I recently had a deep and rather philosophical conversation with a client concerning how much we can truly exercise free will in our lives. Him, going through a difficult period in his life, preferred to believe that we have limited free will and most things that happen to us were predetermined in some shape or form. I, on the other hand, talked about our species being the only one with an ability to exercise any free will at all. I guess no-one truly knows if we have true free will or how much our subconscious plays a role. I do know that any choice we make, consciously or not, carries a consequence that we can either enjoy or have to deal with. It is how we deal with these consequences or indeed, if we are willing to face them, that determines how we navigate our way through life.
Like my client, it is sometimes easier to believe that some outside element or someone else is responsible for all that happens to us. However, a vast majority of what happens to us is squarely usually down to us and what we decided to do. Remembering here, of course, that doing nothing is also a choice. Much of the time, we believe, unrealistically that life should be much easier than it actually is. So we avoid, say we can’t (which means won’t), procrastinate, blame others, the world, conditioning, anything except our part in it. This is much easier to do than to face something that might need effort and work.
We have more free will than we think, especially when it comes to making decisions about choices and consequences. Many of us fail to recognise that any choice we make will usually bring a balance of consequences, good and bad. For example, committing to a new relationship, may well bring a functional situation but might mean changing some things about ourselves and attitude. Going for a new job, might bring more income and job satisfaction but might bring more challenge. The less than positive aspects are the ones that we try to avoid so we often stay stuck in situations that are familiar to us. Scott Peck rightly says in his famous book “the Road Less Travelled” that the key to learning to deal constructively with our problems lies in a system of discipline comprised of four tools.
1. Delaying gratification: Scheduling the pain and pleasures of life so as to enhance the pleasure by meeting and experiencing the pain first and getting it done.
2. Acceptance of responsibility. Being proactive and dealing with issues before circumstances take a hand.
3. Dedication to truth. Being honest with ourselves about how the situation arose and what our part in it was.
4. Balance. Thinking about the future but still enjoying the present.
Not taking responsibility for what we can influence and not making definite choices about ourselves usually means we would rather moan and complain and put our destiny in the hands of others. When we avoid our own responsibility, we are really saying to others…”you need to tell me what to do…to look after me” Erich Fromm stated quite rightly in his book on Nazism that we spend our lives “escaping from freedom”. The freedom that personal responsibility brings.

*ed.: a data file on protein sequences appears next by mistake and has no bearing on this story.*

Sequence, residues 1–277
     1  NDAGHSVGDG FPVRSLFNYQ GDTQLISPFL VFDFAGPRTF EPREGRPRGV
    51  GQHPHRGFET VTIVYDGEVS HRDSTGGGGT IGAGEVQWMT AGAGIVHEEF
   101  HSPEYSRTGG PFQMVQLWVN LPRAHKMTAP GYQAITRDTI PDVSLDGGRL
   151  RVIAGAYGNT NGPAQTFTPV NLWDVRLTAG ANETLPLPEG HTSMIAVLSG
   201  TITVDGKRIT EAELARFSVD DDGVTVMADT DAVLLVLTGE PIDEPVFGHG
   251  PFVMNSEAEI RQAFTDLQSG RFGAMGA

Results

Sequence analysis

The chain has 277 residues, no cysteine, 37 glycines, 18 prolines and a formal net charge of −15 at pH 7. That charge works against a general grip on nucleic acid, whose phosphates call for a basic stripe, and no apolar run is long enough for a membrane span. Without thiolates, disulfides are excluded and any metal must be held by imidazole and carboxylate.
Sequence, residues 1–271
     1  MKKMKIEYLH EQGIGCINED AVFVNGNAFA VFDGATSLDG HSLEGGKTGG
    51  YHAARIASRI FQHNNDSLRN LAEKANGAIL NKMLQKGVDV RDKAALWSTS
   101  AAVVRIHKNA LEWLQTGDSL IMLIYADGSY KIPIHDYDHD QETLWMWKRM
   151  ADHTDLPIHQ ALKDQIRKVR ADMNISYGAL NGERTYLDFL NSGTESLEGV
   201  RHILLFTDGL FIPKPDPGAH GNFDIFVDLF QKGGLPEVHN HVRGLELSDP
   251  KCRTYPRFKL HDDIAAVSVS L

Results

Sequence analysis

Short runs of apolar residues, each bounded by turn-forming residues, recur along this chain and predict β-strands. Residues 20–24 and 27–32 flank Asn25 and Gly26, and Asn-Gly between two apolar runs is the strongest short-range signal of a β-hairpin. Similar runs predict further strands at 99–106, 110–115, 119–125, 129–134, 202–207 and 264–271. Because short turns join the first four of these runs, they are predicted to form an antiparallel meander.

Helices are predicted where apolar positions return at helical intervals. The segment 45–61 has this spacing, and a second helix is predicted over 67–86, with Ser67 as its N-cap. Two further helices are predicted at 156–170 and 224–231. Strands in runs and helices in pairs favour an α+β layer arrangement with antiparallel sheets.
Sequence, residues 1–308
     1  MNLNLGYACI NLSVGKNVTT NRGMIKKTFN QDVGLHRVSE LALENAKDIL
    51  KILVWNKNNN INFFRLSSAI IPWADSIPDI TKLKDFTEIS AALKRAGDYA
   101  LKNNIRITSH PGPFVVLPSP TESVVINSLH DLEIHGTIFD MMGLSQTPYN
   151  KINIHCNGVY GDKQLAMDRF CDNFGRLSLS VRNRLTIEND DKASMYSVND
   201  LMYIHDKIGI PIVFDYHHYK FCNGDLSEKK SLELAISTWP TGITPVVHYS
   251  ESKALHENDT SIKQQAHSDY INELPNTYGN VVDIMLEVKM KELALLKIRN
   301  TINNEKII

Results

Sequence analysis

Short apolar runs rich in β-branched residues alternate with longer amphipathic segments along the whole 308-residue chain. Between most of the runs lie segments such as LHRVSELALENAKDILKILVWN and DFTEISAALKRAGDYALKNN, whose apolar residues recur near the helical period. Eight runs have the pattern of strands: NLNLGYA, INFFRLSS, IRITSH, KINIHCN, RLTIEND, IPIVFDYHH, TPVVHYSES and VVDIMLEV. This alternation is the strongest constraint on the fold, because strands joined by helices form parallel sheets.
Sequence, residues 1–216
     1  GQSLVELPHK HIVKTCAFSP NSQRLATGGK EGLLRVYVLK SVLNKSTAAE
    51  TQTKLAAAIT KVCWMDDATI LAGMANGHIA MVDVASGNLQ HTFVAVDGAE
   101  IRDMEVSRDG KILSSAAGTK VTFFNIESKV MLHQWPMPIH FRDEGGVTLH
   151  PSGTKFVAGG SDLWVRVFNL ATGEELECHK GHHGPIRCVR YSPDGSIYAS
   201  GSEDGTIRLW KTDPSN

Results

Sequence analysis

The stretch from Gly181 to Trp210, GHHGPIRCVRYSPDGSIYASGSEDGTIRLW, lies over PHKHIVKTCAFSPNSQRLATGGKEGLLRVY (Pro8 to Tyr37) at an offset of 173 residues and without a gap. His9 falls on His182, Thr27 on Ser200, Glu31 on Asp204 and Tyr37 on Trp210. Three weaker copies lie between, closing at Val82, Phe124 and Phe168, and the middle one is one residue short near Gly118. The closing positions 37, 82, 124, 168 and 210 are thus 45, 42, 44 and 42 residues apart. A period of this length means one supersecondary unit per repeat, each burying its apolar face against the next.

Of course, we are not always taught how to work with such concepts described above. Not many parents have the time to give their children the security they need to take responsibility for themselves and all that means. Many parents are overwhelmed and put across the very concepts that foster the above. No parent is perfect but we all need to look at how we deal with our children on a daily basis, the way we talk to them, treat them, set boundaries for them and positively discipline them. Parents who fight in front of their children, dismiss and neglect wishes, use punitive punishment or threaten will achieve only the situation that children take it on themselves as something “wrong” with them. This is in no way prepares them for a functional adult existence.
What we need is self-discipline, to take responsibility and to face problems head-on and not delay the pain that goes along with it. These concepts are learnt early in our lives. In fact, many say they are inherent in us but are gone by the time we reach teenage years due to the environment we grow up in. Discipline will beat procrastination and “passing the buck”. It will teach us to take responsibility for the things we can influence and it will teach us that delaying the pain and replacing it with something “nice” or “pleasurable” is only pushing things further down the line to a point where we will need to face it due to circumstance and not choice.
Choice is the key word here. All of the dysfunctional concepts described above are done by choice and we can make different choices. Choose to take responsibility, face that difficult task, solve the question of staying or going and choose to deal with conflict efficiently. Choice is about discipline and doing nothing is also a choice. Life is purely a set of problems to face, endure and ultimately solve. Once we choose to solve them, life can be much better.